The Palestine Human Rights Campaign (PHRC), in coordination with British, Dutch and North American nongovernmental organizations, is organizing a Palestine Peace Presence of professional volunteers (such as journalists, sociologists, computer operators, and academics) to work in the occupied territories with Palestinian institutions. PHRC regularly sends out Action Alerts on specific situations to media representatives and organizers in the United States and Europe.

The DataBase Project on Palestinian Human Rights has been publishing monthly packages of information, collected by the Jerusalem-based Palestine Human Rights Information Center (PHRIC), detailing rights violations during the uprising. This information includes a casualties list, with the name, date and cause of death of each victim, as well as special publications on issues like the use of tear gas or house demolitions.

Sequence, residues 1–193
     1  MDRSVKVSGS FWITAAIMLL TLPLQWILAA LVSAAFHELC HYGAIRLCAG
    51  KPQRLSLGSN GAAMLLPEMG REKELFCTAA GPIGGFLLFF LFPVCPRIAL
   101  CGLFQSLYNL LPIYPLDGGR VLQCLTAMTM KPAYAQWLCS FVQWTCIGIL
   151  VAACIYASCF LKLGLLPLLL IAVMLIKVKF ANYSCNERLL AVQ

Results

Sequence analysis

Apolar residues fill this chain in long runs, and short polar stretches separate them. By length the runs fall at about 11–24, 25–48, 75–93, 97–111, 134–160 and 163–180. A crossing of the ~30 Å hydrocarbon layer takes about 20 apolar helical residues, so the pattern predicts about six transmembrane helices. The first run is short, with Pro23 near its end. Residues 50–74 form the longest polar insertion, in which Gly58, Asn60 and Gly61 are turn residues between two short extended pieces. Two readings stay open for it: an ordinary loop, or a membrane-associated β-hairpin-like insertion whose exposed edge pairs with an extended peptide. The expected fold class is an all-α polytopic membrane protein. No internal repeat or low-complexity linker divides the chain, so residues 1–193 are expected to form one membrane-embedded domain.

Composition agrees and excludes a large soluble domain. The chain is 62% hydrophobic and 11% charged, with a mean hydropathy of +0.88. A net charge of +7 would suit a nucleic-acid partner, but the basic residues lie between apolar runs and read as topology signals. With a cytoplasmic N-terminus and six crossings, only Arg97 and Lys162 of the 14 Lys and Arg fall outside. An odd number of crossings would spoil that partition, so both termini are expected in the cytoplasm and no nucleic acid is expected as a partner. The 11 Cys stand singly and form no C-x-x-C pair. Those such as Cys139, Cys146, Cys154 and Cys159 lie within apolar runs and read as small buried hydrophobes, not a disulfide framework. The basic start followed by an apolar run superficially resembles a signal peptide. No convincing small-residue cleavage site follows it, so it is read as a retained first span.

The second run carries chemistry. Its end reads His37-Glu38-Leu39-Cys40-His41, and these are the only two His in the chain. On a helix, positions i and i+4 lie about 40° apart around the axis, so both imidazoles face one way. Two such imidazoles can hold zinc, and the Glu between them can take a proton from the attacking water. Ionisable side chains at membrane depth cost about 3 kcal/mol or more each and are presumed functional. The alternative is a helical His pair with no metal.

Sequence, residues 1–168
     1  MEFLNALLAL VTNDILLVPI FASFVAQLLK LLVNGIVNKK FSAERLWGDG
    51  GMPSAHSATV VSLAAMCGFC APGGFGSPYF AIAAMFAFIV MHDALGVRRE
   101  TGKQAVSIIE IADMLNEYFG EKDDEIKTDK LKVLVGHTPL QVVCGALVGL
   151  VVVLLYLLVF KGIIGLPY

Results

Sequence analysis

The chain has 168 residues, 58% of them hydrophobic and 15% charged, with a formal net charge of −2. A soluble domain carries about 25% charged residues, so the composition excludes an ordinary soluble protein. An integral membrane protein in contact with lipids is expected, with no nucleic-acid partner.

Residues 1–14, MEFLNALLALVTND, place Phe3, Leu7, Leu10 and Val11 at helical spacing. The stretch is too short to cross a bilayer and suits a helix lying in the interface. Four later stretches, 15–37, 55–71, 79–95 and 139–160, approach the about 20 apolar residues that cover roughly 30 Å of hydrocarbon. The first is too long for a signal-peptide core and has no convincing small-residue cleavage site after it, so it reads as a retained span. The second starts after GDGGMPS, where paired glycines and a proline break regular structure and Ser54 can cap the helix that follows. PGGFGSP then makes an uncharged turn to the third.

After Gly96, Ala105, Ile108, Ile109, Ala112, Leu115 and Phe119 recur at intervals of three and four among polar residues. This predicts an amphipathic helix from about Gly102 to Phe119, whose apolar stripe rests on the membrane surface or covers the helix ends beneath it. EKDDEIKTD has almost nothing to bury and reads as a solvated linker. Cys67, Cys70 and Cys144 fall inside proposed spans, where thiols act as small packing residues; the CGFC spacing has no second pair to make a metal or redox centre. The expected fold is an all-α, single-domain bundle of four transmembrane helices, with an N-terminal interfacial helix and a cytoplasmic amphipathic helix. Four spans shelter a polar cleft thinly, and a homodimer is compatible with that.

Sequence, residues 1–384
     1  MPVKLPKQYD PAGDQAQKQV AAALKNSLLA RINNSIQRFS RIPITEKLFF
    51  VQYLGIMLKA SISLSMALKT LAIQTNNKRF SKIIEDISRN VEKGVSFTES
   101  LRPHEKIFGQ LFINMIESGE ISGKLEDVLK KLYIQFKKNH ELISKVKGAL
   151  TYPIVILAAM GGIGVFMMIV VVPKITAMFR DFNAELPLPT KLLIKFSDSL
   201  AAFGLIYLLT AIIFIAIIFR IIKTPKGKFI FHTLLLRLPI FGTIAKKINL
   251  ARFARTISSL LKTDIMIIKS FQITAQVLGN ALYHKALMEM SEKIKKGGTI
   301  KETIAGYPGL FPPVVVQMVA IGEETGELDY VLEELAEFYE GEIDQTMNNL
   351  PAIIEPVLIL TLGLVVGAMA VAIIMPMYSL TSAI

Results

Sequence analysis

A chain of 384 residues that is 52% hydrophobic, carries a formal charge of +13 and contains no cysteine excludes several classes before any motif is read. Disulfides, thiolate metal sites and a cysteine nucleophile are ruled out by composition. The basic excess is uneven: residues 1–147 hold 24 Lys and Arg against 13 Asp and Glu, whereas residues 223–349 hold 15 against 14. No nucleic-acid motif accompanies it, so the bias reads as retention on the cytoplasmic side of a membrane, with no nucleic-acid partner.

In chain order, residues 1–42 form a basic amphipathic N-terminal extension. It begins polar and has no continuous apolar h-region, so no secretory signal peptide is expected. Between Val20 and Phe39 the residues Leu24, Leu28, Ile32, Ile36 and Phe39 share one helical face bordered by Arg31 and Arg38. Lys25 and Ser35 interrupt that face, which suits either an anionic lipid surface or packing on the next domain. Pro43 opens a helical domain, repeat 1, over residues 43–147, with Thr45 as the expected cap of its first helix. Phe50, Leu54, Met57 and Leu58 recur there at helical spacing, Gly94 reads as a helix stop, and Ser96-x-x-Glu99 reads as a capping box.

The Foundation for Middle East Peace organized a nationwide speaking tour for two physicians from the Union of Palestinian Medical Relief Committees. They addressed schools of medicine and public health on medical issues pertaining to the uprising. The Foundation placed ads in the Washington Post, the New York Times, and the Christian Science Monitor listing the demands of the Unified Leadership of the Uprising, to counter media reports that the Palestinians had no specific demands.